Thank you so much Nina (and I hope the desensitization therapy works for you guys)! And Rekha — so sorry to hear about your egg intolerance! But I’d echo what Nina said actually, “flax eggs” (1 tbsp ground flaxseed + 3 tbsp water = 1 egg) are great. Some other egg substitutes: silken tofu (1/4 cup pureed tofu = 1 egg), Baking Soda + Vinegar (1 tsp of baking soda + with 1 tbsp of white vinegar = 1 egg), Banana (1/2 mashed banana = 1 egg), and lastly: 2 tbsp water + 1 tsp oil + 2 tsp baking powder = 1 egg. Hope that helps!

Reply

John Fawkes September 30, 2015 at 9:39 pm

In truth, most vegetarians don’t get enough protein, since they rely heavily on bread and fruits. But that’s not hard to fix by adding in more nuts and legumes. Great infographic.

Reply

Anjali @ The Picky Eater October 20, 2015 at 7:52 am

Thanks John, glad you found this helpful!

Reply

Pino Shah October 7, 2015 at 1:07 pm

Awesomely helpful Anjali – Many Thanks!

Reply

Anjali @ The Picky Eater October 8, 2015 at 5:55 am

No problem! So glad it was helpful!

Reply

Neeraj July 26, 2016 at 9:22 am

Hi Anjali:

Need some clarification or fact checking and than recommendations.

Is it a fact that if an individual exercises 4 times a week (moderate to heavy) they require 1.2 gms of protein per pound? So if you weight 160lbs you need 192 gms of protein.

If so how does one acquire that much protein if you are indian vegeterian?
I have been tracking my protein consumption and even with whey protein shakes it takes a lot of effort to get to 100gms of protein, forget 192gms.
My typical diet is 2 eggs in morning, 3 fulka roti, subji, dal and small bowl of rice for lunch, protein shake and dinner consisting of bhakri-shaak (handful almonds throughout the day)

Thanks for you help in advance,
Neeraj

Reply

Anjali @ The Picky Eater July 26, 2016 at 7:20 pm

Hi Neeraj! Thanks for reaching out! To your question – that’s incorrect. The average man who works out 3-5 days per week needs 0.45g per pound, and highly trained athletes (training hard for hours 7 days a week) need 0.77g protein per pound of body weight. So for you, that means you need 0.45g per pound, so if you weigh 160lbs you need 72g protein per day. That should be fairly easy to get through a vegetarian Indian diet. I’d add in 1 cup of Greek yogurt per day (that’s about 20g protein), 1 serving of part-skim cheese (about 8g), 1 serving of brown rice/pea/or whey protein (15g), and then I’d switch your 2 eggs for 4 egg whites + 1 yolk – that would be about 15g protein. That’s 58g protein right there, and then if you just eat your normal diet (making sure you eat dal at both lunch and dinner) you’ll get ~72g protein each day. Hope that helps! Let me know if you have any other questions!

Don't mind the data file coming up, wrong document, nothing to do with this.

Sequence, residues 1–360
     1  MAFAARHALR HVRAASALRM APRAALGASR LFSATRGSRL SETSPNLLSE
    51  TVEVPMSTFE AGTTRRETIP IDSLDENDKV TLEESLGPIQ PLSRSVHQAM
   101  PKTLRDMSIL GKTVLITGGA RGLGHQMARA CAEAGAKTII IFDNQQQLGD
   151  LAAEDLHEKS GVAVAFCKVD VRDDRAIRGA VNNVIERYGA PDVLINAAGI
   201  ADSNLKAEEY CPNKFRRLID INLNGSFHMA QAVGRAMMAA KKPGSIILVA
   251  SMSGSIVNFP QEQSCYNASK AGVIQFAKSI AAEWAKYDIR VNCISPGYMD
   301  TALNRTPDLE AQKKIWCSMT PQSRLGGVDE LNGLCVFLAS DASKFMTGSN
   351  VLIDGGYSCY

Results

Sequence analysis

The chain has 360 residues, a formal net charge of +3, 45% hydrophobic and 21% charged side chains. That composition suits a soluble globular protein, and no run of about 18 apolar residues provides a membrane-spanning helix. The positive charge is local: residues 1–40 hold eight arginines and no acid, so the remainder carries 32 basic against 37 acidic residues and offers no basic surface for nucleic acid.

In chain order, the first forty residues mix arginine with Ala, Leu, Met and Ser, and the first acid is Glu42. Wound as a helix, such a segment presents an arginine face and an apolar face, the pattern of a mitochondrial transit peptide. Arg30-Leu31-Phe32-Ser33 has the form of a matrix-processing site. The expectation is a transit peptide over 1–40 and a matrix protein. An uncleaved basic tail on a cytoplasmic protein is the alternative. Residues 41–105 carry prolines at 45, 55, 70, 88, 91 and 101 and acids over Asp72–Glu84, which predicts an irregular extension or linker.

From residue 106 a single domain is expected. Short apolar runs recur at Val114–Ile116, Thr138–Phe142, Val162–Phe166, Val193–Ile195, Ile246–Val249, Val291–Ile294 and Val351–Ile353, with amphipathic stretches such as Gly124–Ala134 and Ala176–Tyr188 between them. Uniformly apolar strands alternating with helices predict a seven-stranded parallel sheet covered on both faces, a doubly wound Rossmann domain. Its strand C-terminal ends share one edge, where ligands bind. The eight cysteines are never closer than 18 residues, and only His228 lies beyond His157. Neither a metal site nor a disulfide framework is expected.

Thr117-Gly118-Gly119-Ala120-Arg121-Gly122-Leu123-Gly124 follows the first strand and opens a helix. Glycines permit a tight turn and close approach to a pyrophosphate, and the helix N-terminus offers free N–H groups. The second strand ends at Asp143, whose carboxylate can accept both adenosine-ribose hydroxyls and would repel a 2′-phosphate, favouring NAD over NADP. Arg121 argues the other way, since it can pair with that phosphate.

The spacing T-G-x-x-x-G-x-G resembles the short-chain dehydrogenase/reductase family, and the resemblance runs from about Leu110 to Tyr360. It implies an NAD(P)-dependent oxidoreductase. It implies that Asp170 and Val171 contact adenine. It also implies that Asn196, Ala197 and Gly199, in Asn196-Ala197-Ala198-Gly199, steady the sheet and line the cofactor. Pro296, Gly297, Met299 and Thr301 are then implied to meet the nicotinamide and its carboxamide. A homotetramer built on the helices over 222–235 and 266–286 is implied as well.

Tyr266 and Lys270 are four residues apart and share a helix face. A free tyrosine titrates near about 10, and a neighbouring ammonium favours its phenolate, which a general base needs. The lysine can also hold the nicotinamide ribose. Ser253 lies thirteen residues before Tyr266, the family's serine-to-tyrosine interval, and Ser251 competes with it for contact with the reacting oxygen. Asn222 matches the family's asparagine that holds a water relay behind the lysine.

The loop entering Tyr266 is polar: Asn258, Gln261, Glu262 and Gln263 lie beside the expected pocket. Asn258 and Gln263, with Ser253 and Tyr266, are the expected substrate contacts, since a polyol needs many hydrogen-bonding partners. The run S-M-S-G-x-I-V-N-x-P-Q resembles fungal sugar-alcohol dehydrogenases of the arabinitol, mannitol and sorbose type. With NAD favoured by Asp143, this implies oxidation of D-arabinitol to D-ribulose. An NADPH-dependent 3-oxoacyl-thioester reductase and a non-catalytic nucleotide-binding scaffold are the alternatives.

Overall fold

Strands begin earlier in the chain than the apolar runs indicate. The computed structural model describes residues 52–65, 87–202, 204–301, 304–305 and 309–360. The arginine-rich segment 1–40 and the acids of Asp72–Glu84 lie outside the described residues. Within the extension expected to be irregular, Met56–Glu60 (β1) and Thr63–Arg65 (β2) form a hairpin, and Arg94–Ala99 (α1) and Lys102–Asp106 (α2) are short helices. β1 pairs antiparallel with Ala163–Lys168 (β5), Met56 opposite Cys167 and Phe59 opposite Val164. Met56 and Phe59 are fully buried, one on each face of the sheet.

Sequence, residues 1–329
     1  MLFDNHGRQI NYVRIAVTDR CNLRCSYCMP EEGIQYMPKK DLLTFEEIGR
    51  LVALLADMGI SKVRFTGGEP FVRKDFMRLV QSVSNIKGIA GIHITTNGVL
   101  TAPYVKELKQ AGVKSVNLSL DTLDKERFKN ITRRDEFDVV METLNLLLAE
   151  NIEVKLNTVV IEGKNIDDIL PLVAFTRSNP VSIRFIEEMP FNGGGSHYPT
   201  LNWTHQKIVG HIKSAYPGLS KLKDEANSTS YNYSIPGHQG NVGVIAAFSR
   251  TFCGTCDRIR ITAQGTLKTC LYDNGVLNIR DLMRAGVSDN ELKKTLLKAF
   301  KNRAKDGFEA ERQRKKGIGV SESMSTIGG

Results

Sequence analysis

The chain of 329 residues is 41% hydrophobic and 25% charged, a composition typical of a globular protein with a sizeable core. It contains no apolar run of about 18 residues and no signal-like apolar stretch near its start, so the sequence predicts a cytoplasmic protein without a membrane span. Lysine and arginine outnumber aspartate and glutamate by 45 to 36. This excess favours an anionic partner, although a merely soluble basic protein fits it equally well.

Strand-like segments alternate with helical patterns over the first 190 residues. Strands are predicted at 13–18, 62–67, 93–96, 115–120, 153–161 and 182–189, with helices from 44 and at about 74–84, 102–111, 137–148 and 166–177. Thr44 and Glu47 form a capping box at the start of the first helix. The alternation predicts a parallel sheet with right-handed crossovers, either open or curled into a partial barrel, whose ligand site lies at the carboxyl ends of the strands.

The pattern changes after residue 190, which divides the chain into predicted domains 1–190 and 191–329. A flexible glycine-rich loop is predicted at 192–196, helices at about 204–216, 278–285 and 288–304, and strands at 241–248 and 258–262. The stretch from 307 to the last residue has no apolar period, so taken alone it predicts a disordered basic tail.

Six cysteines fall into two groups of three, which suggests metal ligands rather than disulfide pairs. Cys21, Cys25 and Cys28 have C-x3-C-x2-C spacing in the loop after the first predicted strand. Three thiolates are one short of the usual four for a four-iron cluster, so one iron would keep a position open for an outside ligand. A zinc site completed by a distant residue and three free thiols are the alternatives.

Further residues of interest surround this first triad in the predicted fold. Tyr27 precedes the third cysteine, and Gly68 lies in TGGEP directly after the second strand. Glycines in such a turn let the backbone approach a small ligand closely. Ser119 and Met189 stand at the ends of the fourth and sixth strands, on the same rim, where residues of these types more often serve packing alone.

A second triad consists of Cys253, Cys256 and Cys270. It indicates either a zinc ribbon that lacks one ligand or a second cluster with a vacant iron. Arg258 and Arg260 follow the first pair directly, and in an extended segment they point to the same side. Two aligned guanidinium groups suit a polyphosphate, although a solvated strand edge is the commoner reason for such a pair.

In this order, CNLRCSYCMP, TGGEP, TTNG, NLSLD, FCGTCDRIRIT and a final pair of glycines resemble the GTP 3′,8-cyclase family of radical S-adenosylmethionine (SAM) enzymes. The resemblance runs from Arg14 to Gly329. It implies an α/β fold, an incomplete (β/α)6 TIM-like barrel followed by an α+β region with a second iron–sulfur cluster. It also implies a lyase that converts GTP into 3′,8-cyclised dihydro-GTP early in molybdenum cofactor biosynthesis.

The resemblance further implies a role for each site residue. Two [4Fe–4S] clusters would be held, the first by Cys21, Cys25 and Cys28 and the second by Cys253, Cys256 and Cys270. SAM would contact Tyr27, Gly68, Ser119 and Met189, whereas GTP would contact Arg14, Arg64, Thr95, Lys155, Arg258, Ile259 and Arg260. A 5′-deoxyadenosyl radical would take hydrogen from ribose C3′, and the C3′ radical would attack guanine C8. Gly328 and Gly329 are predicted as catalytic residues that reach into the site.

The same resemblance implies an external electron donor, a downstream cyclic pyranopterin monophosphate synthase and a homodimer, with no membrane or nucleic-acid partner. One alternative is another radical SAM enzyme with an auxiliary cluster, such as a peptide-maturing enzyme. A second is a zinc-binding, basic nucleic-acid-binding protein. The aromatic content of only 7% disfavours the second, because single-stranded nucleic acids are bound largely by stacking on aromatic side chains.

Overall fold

Reply

Neeraj July 27, 2016 at 7:07 am

Thanks, Anjali.

Yes I was a bit confused with so much information/ misinformation out on the web.

The fact was that I used to be completely drained (of energy) after my workouts (about 1hr to 1.5hrs/ day) that I started looking into my nutrition. Started taking the whey protein and it seems to make it better but still feel like I lack energy (workout days vs. non workout days).

From your reply it seems I am ok with respect to nutrition. So I need to look elsewhere as why I get so drained (maybe age related, I’m 43 now)

regards,
Neeraj

Reply

Anjali @ The Picky Eater July 28, 2016 at 9:59 am

Hi Neeraj! No problem! Glad it was helpful. Regarding why you get so drained post-workout, it could be because you aren’t eating enough carbs or protein pre-workout (do you have a pre-workout snack)? And also, do you workout at the same time every day (and not at the end of the day)? As long as you’re eating a small snack pre-workout (like banana with peanut butter), and eating a regular balanced meal post workout (so your workouts are in between meals) – you should be able to regain some of the energy lost during your workout. Hope that helps!

Reply

Leave a Comment

Previous post:

Next post: